Bass fishing has enjoyed an increase in popularity in Texas that parallels the increase in the number and quality of fish in Texas reservoirs. Communities near popular bass fishing lakes reap a significant economic boost from anglers.
Even the fish have benefited from the ShareLunker program. When the program began, little was known about the procedures needed to care for big bass. Early in the program, many entries died while at TPWD facilities. Over time better care has increased survival to the point that nearly all fish entered into the program survive to be used for spawning or are returned to the wild. Even more importantly, proper fish handling techniques have been publicized as part of the program, so that anglers are now able to take better care of any fish they catch.
In the course of caring for more than 500 largemouth bass weighing over 13 pounds, the ShareLunker Program has:
improved knowledge of proper handling and care of big fish
developed and communicated to anglers recommendations for handling fish in ways that improve survival
established weigh and holding stations at major reservoirs around the state to improve the survival of big fish by providing the proper environment for them until pickup by trained TPWD personnel
generated nationwide interest in Texas bass fishing and increased tourism, as evidenced by 82 ShareLunkers having been caught by residents of 22 states other than Texas
documented the number of lakes producing 13-pound or larger bass from one in 1980 to 62 by 2011
created awareness of the value of catch-and-release fishing
developed a selective breeding program that produces broodfish used throughout the TPWD hatchery system, helping spread ShareLunker-derived genetics to all public waters stocked with Florida largemouth bass by TPWD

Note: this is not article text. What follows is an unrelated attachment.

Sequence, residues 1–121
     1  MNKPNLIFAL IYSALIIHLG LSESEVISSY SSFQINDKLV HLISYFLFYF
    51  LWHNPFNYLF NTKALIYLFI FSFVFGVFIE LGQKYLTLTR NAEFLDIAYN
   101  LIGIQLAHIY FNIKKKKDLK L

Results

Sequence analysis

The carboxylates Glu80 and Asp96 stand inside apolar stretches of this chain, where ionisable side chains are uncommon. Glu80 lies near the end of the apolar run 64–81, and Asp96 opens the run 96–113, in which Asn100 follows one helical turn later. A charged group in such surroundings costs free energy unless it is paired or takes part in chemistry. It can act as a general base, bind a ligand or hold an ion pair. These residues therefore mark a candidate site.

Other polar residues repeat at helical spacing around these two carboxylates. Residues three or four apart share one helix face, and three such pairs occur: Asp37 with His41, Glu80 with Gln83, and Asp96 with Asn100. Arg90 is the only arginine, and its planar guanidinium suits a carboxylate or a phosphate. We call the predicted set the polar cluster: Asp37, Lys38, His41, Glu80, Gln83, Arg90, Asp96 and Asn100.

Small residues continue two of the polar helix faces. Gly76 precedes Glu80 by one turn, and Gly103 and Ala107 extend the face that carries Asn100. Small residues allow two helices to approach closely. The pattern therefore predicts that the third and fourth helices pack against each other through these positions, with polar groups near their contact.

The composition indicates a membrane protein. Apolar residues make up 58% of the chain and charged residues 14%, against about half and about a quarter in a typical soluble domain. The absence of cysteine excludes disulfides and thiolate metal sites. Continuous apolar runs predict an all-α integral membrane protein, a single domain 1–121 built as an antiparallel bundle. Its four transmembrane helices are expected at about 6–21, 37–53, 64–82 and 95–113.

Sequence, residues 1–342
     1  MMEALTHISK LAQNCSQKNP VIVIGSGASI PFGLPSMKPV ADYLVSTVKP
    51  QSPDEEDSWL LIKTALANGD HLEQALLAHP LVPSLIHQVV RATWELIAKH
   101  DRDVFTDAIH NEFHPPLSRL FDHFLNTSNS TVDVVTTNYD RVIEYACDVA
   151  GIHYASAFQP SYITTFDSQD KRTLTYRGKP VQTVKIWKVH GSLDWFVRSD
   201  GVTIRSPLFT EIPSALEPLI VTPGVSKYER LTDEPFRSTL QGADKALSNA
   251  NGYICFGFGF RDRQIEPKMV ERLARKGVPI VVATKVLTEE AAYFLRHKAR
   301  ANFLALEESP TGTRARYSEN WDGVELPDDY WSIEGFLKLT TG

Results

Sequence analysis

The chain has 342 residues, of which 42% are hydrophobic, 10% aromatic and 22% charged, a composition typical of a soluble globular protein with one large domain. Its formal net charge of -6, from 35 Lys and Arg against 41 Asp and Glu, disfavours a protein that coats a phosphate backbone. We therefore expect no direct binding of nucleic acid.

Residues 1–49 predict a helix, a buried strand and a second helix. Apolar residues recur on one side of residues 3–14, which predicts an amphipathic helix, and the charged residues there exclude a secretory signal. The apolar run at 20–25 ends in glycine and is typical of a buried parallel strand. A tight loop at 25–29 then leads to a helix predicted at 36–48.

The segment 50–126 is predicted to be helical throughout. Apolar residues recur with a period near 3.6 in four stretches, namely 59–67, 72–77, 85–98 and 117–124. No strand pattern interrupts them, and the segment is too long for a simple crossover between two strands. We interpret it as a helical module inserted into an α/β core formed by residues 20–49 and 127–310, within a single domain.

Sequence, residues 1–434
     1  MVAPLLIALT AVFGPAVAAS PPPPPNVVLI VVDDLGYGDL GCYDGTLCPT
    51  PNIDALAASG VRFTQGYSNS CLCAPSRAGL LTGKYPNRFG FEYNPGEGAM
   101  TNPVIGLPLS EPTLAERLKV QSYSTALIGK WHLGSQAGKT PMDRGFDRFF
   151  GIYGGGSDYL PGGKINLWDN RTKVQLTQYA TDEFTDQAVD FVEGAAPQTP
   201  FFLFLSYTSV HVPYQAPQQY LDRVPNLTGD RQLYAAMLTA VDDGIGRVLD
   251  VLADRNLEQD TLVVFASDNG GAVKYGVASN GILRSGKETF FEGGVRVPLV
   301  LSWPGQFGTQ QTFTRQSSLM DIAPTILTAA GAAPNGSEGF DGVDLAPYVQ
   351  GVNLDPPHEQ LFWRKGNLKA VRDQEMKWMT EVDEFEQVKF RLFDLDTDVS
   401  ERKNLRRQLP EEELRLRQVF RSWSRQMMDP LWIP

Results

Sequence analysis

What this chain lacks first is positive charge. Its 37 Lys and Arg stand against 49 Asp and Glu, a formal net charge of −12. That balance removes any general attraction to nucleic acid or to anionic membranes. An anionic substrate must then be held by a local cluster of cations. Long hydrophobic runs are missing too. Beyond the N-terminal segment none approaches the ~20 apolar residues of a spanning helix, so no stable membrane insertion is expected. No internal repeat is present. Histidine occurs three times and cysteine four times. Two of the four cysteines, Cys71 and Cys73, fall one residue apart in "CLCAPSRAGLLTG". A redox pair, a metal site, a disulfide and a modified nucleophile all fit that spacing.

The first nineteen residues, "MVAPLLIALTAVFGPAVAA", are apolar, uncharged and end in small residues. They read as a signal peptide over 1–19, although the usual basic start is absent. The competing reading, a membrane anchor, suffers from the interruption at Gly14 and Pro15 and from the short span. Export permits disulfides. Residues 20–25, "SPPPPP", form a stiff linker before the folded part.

generated free publicity for bass fishing in Texas worth millions of dollars by providing the basis for thousands of newspaper, magazine, television, radio and electronic media stories
provided funding to develop cutting-edge genetic fingerprinting techniques that makes it possible for TPWD to identify ShareLunkers and their offspring stocked into public waters. These techniques also make possible:
genetic identification using a minimally invasive fin clip;
positive identification of ShareLunker offspring and confirmation of previously caught ShareLunkers should implanted tags be unreadable;
more accurate identification of intergrades (crosses between Florida and northern largemouths) and easier determination of parentage and relatedness among ShareLunkers, including identification of sisters submitted to the ShareLunker program;
genetic analysis of scale samples archived from ShareLunkers submitted to the program before the DNA fingerprinting techniques were available;
the search for genetic markers associated with ShareLunkers and for gender determination. Samples are being analyzed in an attempt to determine if there is a specific gene that influences growth differences.
Using genetic fingerprinting techniques developed in the last five years, TPWD has begun studies in selected public reservoirs using tagged ShareLunker offspring (referred to as Operation World Record or OWR fish) to determine the growth rate of OWR fish compared to other largemouth bas in those reservoirs. Results so far show OWR fish grow bigger faster.
These accomplishments have all been made using program sponsor dollars and without additional staff over and above those required for normal operation.
To ask questions about or discuss the ShareLunker program, call or write:
Texas Freshwater Fisheries Center
5550 F.M. 2495
Athens, Texas 75752
(903) 676-BASS (2277)
ShareLunker program manager: Juan Martinez
To donate a 13-pound or larger bass to the ShareLunker program:
Call our toll-free, 24-hour pager at 1-888-784-0600 (October 1-April 30 only) or (903)681-0550.